Harry Potter and the Prophet of Doom

Is Harry really fated to kill or be killed? A closer look at the seer's dire prediction.

BY: James K.A. Smith

 

Continued from page 1

A Matter of Interpretation

Madame Trelawney's predictions trade on ambiguity. In her class, dregs of tea could be either a lump of mud, a bowler hat, or the dreaded Grim. What "the signs" mean becomes a matter of interpretation, and it is just this ambiguity that feeds Hermione's empirical suspicions: "I think Divination seems very wooly," she remarks after their first class.

In biblical prophecy, there is also an element of ambiguity and interpretation. And here we have serious differences of interpretation. For instance, Christians read the prophecies of Isaiah 53 and see them fulfilled in Jesus of Nazareth. Jews are yet awaiting the fulfillment of that prophecy. The ambiguity of prophecy--whether magical or biblical--seems to come with the territory.



A God's-Eye Point of View

One question not yet tackled in Rowling's magical world is just

how

seers arrive at their predictions. By what mechanism or power do seers foretell the future? Here we run up against the crucial difference between magical and biblical prophecy. In biblical prophecy, the ultimate source of predictions is the God who transcends time: the Lord of history for whom all of time is present as a simultaneous "moment." Unlike human diviners somehow trying to stretch their sight into the future, for God the future is always present. Thus the Scriptures make a distinction between "soothsayers and diviners," who are to be rejected, and true "prophets," whose words are to be received as the Word of the Lord (Deut. 18:14-15).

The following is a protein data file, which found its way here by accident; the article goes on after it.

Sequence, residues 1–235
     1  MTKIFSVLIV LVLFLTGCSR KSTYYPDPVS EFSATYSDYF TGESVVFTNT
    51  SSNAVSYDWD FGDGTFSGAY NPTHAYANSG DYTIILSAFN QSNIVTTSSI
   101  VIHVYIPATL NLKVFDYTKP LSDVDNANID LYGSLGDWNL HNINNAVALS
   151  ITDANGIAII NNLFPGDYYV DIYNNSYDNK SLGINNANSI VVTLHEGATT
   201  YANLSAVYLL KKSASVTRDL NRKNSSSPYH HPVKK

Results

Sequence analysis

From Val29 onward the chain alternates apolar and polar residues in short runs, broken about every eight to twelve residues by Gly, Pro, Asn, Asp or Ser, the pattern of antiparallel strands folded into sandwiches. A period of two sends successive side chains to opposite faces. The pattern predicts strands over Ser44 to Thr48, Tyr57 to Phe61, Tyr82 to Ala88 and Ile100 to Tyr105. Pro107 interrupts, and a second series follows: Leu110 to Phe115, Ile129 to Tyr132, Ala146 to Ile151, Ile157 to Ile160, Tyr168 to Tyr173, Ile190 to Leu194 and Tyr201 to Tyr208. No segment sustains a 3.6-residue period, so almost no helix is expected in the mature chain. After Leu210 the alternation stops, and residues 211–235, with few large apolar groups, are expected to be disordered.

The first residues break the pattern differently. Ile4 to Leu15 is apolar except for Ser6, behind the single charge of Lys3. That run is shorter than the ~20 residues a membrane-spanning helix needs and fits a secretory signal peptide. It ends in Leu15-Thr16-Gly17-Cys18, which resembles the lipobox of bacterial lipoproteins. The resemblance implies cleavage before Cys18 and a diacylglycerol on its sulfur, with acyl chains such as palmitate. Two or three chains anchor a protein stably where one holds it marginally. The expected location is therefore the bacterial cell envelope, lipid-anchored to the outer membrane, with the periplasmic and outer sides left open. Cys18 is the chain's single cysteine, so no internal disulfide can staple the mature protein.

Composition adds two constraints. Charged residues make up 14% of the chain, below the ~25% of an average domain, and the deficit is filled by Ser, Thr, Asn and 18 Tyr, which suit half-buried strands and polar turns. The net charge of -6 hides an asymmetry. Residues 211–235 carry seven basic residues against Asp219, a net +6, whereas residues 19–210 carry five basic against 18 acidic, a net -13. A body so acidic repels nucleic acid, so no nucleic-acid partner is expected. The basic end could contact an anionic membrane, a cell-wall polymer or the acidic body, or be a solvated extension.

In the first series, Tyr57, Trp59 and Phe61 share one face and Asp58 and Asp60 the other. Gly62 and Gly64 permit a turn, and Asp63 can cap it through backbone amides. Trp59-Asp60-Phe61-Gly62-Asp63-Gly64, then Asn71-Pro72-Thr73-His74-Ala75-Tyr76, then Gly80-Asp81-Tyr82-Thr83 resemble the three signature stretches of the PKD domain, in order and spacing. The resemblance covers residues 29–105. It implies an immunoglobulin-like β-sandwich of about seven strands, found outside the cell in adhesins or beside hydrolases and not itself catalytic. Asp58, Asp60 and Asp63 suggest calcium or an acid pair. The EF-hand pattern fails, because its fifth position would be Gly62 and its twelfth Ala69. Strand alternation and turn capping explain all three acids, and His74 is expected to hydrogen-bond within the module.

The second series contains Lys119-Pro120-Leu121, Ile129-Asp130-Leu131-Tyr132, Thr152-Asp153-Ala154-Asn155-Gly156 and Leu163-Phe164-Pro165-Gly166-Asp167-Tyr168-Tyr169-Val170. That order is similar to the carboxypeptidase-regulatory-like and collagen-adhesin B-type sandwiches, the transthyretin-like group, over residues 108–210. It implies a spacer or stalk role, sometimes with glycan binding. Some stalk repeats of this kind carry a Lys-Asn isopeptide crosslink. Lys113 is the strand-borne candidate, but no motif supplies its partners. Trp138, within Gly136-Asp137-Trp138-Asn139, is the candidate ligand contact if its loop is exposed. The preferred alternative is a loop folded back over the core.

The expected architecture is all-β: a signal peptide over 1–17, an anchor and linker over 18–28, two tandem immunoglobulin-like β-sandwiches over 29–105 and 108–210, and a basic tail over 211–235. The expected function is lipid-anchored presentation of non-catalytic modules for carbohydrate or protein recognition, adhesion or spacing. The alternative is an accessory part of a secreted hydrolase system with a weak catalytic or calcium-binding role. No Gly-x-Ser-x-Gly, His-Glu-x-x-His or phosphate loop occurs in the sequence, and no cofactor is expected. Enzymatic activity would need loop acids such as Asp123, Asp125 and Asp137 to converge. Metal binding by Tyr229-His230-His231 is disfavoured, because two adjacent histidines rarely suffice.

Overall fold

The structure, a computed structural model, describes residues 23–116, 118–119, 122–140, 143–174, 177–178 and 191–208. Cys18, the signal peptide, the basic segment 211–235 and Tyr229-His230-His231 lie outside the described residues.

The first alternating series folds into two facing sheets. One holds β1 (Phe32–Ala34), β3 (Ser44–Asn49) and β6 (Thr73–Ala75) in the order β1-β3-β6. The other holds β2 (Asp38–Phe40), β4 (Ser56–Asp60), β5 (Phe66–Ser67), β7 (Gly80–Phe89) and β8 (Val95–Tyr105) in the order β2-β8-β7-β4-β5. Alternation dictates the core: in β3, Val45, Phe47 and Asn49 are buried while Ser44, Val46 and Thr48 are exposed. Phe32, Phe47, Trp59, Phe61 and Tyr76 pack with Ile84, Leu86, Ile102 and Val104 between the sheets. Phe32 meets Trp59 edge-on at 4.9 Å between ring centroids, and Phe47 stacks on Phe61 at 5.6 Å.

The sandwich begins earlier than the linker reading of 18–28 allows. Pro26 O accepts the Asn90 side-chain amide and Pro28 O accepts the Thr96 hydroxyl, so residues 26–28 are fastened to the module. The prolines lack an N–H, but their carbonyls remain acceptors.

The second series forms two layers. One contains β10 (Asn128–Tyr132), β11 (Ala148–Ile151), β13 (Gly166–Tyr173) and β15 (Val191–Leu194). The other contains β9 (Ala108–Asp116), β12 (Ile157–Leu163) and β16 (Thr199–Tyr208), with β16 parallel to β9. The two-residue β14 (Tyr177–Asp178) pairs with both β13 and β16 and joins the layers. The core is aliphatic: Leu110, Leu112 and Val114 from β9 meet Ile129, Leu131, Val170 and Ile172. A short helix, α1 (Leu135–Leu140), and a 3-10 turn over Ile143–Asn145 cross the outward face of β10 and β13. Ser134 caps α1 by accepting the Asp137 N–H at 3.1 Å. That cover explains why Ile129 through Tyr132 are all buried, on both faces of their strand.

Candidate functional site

It is this sense of transcendence that marks the difference between the worlds of Harry Potter and Jeremiah. Because there seems to be no divine standpoint in the universe created by Rowling, all prophecy is only divination.



Character Is Destiny

These differences noted, we are still left with questions about human freedom: Doesn't the notion of the future being predicted lead to a sense that we are not free? Does prophecy entail some sense of fatalism? How can we resolve these tensions without giving up on prophecy and providence?



Instead of thinking about individual future acts, we should consider the future in terms of an

inevitability of character

. If I predict that tomorrow my wife will care for our children, I'm certainly not controlling her individual actions. Rather, I'm making a prediction based on the kind of person I know her to be: someone who loves our children. I'm counting on that, and I fully expect it to be fulfilled. But that doesn't compromise her "freedom." Predictions of this sort are rooted in the virtue or vice of the agents involved and takes seriously their "agency"--a far cry from the common worry that prophecy reduces us to puppets of someone else's will.



So even if the Potter prophecy is true...
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Continued on page 3: »

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